2015 is shaping up to be an even busier year than 2014. In order to be successful, I can’t waste time in my usual “process” as my husband Robert calls the self-flagellating, anxiety-ridden sometimes week-long trudge I go through every time I’m working on a creative writing piece or a research paper or putting together a talk.
Funny, when asked why they became doctor, most would probably say something along the lines of “to help people.” But the implied ending is “get better.” I would be surprised to learn that anyone became a doctor “to give bad news” or “to help people die.” Yet I find this is much of what I do in my clinical practice as a nephrologist taking care of patients with chronic kidney disease and end-stage kidney disease.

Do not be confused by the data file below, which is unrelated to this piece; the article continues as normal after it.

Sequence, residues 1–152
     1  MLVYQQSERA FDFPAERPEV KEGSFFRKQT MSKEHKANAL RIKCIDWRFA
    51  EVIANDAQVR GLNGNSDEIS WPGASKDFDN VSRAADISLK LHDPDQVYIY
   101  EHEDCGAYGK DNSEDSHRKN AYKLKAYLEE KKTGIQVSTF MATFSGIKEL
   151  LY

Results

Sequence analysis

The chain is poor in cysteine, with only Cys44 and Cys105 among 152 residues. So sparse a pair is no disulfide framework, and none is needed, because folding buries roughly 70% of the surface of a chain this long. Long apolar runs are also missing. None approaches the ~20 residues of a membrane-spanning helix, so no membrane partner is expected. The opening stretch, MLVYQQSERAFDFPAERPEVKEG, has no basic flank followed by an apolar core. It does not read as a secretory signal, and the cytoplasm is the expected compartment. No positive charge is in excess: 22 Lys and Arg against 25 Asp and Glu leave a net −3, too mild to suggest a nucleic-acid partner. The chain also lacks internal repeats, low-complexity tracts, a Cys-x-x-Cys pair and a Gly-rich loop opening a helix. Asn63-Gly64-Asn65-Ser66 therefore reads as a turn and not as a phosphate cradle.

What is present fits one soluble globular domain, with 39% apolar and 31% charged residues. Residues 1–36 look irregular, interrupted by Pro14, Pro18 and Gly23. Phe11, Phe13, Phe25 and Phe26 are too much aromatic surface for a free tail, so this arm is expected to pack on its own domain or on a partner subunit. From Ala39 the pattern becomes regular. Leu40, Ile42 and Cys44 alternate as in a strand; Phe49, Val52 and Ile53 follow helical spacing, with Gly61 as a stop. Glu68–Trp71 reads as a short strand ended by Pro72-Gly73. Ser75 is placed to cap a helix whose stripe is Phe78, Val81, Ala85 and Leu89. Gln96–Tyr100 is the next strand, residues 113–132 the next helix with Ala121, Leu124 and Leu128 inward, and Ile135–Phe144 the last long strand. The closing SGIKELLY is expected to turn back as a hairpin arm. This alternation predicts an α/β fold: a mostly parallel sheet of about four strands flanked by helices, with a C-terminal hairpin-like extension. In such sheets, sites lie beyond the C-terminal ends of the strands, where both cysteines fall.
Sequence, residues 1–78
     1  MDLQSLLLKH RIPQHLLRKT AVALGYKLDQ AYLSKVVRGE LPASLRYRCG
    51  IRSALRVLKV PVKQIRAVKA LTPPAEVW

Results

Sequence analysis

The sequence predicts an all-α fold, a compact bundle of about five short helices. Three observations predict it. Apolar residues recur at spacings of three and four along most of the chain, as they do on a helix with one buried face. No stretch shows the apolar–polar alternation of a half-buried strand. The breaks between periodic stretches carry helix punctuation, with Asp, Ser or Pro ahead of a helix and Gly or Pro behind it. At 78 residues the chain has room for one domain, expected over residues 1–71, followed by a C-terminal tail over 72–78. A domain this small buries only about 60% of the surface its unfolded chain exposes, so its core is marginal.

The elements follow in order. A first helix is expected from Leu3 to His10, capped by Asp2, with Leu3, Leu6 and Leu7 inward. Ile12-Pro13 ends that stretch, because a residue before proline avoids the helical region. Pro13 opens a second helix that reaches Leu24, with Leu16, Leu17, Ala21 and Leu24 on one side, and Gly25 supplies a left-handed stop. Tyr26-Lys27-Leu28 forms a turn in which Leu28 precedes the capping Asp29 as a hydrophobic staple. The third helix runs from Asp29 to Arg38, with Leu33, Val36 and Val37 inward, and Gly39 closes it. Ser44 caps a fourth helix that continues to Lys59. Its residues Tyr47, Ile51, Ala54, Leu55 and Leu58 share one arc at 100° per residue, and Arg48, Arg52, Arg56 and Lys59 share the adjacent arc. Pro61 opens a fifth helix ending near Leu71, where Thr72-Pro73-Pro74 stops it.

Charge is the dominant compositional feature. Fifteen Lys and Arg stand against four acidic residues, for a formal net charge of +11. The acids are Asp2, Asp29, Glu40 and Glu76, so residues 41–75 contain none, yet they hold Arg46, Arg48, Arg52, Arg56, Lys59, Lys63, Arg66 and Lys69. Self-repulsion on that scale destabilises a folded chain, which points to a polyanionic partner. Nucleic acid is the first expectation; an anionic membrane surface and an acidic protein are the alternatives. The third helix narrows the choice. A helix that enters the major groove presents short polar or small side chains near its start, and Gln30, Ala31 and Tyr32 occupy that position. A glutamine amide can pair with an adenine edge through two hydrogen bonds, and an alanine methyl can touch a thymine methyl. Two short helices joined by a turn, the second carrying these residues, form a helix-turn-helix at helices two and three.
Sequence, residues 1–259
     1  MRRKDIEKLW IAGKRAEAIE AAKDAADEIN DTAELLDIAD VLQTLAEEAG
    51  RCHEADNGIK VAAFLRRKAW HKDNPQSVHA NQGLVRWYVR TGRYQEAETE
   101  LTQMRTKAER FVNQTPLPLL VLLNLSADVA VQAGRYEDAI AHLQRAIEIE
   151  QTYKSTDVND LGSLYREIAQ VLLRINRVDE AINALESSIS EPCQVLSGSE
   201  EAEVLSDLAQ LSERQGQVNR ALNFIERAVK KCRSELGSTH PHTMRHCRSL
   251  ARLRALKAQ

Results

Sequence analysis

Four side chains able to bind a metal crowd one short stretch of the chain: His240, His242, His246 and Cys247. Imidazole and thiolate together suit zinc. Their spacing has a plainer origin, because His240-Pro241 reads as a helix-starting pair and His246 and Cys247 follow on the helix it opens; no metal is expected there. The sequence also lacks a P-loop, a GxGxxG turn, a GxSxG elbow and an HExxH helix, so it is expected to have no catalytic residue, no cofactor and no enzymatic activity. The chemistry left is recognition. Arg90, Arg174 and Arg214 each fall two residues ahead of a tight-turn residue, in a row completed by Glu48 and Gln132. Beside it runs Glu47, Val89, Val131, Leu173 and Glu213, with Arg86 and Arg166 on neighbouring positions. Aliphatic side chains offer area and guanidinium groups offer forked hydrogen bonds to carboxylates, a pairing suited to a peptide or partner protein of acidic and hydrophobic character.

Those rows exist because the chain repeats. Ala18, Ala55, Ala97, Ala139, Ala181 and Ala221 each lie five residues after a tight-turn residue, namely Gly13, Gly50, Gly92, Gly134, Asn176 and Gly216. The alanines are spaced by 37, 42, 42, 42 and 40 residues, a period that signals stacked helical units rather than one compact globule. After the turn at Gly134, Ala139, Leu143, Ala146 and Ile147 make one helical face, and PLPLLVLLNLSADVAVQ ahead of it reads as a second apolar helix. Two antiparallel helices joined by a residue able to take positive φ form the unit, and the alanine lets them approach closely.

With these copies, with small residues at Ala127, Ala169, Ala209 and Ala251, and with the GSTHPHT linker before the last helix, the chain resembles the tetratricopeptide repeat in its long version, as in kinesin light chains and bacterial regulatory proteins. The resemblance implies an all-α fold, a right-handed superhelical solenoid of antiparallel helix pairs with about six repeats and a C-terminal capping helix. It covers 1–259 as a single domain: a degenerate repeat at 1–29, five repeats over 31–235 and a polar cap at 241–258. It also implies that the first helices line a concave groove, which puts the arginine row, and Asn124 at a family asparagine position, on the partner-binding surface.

In my office looking at the computer screen, I saw her name on the schedule for clinic that day and wondered how she was doing since the last time I saw her when I could hear the crackling sounds of fluid beginning to collect in her left lung. It was the second time I had seen her and my words still sounded like a stranger’s advice.
It was the summer of my 9th year when I was almost gone again. Days were spent running barefoot with my younger cousins, Tonya and Tara, in the field between my home and theirs. Kinky hair running wild or in slept on, half-undone plaits scattered over our heads because everyone over age 16 was too busy to comb it.